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I have a rather simple question. I can't find an answer by searching though.

Is there a difference in these two code-fragments? And what is the difference?

Fragment1:

public class BinaryTree<T extends Comparable<? super T>> {
   ...
   public <E extends T> void add(E value) {
      ...
   }

   public <E extends T> void add(E value, Node node) {
      ...
   }
   ...
}

Fragment2:

public class BinaryTree<T extends Comparable<? super T>> {
   ...
   public void add(T value) {
      ...
   }

   public void add(T value, Node node) {
      ...
   }
   ...
}

Fragment1 specifies explicitly, that the parameter value must be either of type T or a subtype of type T.

Fragment2 specifies, that the parameter value must be of type T. But from my little knowledge and experience I think that I can also supply a subtype of T here. So same as fragment1.

I looked at the disassembled byte codes of these two fragments. Indeed there is a difference:

<   public <E extends T> void add(E);
---
>   public void add(T);

That just reflects the source code ...

I just don't get the meaning. And I also can't find an example application, which shows the difference.

Thanks for comments.

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Where did these fragments come from? Is this homework / coursework? –  Arkanon Aug 26 '12 at 14:38
    
The fragments are form a book. The author is claiming to improve the class by moving from fragment2 to fragment1. I was not able to reconstruct his explanations. –  Bridy Aug 26 '12 at 15:06

2 Answers 2

up vote 4 down vote accepted

In this case there is no difference. Let's take for example a BinaryTree<Number> and try adding an Integer:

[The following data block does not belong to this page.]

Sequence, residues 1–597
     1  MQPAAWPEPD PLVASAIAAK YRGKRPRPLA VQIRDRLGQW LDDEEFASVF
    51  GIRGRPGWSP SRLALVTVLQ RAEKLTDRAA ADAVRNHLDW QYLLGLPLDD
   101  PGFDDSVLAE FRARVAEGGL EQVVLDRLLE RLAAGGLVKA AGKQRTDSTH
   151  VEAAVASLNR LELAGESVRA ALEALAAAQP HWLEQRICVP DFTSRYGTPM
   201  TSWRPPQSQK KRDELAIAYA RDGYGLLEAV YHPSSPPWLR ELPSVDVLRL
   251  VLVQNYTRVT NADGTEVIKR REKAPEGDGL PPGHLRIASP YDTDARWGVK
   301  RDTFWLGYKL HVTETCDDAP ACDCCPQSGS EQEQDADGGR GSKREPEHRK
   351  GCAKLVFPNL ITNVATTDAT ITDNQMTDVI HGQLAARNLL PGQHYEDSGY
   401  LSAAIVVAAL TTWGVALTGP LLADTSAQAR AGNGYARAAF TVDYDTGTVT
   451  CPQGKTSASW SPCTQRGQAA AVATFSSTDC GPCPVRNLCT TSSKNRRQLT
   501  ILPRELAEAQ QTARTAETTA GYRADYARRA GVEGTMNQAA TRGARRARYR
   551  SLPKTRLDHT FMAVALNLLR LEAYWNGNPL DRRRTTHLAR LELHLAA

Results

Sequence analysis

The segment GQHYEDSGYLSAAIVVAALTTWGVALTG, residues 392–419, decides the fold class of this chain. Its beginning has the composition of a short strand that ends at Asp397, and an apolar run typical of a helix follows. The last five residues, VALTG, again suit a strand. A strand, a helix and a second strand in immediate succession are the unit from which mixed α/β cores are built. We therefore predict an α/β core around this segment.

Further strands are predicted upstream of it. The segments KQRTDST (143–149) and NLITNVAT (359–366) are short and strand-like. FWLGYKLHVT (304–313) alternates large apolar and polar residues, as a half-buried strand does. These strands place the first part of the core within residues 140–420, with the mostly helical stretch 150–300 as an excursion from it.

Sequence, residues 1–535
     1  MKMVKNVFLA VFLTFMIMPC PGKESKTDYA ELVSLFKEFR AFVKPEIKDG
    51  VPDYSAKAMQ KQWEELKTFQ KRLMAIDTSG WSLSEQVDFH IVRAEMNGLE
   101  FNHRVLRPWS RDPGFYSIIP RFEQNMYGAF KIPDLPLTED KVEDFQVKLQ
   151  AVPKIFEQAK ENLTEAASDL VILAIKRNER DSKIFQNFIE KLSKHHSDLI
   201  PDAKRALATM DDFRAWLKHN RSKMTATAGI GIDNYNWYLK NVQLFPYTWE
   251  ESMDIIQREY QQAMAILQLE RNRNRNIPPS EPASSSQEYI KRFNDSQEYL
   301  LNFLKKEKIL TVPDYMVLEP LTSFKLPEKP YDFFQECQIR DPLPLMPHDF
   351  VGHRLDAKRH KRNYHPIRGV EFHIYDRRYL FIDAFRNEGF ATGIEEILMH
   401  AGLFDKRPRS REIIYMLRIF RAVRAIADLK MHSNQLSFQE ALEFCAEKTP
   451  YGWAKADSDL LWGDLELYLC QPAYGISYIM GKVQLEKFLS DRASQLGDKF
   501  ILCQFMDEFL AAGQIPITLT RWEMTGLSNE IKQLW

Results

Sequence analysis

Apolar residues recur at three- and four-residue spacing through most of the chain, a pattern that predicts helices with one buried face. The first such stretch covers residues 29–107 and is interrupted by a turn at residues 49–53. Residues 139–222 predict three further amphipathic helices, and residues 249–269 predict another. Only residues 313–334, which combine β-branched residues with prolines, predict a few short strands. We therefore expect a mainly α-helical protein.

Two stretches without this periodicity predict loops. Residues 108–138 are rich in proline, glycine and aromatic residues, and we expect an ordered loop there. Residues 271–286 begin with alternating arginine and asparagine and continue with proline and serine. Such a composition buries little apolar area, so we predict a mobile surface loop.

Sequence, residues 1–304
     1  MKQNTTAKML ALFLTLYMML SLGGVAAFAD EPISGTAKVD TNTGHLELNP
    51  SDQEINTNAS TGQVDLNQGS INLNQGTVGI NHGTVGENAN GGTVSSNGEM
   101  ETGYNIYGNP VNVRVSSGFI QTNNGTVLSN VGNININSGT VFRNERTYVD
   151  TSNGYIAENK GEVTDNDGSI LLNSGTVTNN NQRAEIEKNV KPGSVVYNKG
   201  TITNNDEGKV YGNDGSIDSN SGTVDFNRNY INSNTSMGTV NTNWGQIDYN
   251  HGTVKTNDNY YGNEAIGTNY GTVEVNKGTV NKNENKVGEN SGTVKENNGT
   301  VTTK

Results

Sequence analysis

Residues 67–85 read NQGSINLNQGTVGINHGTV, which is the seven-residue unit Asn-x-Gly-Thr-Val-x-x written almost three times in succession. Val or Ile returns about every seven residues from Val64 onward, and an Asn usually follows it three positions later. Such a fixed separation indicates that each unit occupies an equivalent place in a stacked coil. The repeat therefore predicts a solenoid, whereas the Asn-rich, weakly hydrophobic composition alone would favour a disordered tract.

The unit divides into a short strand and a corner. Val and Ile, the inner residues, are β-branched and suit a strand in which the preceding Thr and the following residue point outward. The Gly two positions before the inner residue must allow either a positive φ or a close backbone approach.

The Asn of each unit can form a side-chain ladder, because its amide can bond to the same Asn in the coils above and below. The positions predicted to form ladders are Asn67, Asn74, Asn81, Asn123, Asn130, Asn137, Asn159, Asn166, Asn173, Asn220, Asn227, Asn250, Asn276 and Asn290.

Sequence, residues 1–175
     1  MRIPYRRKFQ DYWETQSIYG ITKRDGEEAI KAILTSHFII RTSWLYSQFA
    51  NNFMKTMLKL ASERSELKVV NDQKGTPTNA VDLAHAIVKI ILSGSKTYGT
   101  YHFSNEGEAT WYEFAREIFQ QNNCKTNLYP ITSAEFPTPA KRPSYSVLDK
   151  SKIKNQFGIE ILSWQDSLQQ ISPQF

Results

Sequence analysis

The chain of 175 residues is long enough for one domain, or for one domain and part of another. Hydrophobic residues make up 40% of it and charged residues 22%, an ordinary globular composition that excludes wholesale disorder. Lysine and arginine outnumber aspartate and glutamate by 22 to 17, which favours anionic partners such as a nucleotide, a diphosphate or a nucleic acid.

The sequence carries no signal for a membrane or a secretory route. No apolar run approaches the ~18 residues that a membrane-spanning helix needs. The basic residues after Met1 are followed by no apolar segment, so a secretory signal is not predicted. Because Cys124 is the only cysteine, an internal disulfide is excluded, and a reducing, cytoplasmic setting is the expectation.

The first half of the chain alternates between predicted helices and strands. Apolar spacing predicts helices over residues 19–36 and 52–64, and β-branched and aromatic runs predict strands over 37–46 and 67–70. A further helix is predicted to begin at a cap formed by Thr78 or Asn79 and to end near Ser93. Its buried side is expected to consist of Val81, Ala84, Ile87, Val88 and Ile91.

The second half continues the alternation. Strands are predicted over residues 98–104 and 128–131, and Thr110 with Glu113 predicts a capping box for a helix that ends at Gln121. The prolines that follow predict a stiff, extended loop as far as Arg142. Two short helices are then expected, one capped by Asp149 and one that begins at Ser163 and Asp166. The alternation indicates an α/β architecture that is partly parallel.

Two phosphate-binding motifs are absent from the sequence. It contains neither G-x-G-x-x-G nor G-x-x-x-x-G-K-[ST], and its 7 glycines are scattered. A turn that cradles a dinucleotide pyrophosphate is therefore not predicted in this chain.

BinaryTree<Number> numTree = new BinaryTree<>();
Integer i = 1;
numTree.add(i);

With fragment 1, E may evaluate to Integer, but that's superfluous in this case. Integer is a Number, and you could just as well specify Number for E:

numTree.<Number>add(i);

For this reason the second snippet is no different than the first, and less confusing for not declaring an unnecessary type parameter.


There are situations where an additional type parameter would be useful. Imagine for some reason you wanted to return the passed in value:

public <E extends T> E add(E value) {
   ...
   return value;
}

public <E extends T> E add(E value, Node node) {
   ...
   return value;
}

This would now be useful to the caller:

Integer i2 = numTree.add(i);

With the second snippet that wouldn't be possible, and numTree.add could only return a Number even if you passed in an Integer.

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No, there is no difference between the two variations of the add() method. Java's method arguments already establish an upper bound on the accepted type, which is the same constraint accomplished by using the extends form of your type variable <E extends T>.

Your type variable adds no new information nor does it add any additional constraints. It was already legal to pass an argument of type T or any type that extends T. Your type variable <E extends T> does provide a way to refer to the actual argument type again—say, if there was a second method parameter that you wanted to ensure was of the same type as the first—but in your case, you're not making use of E.

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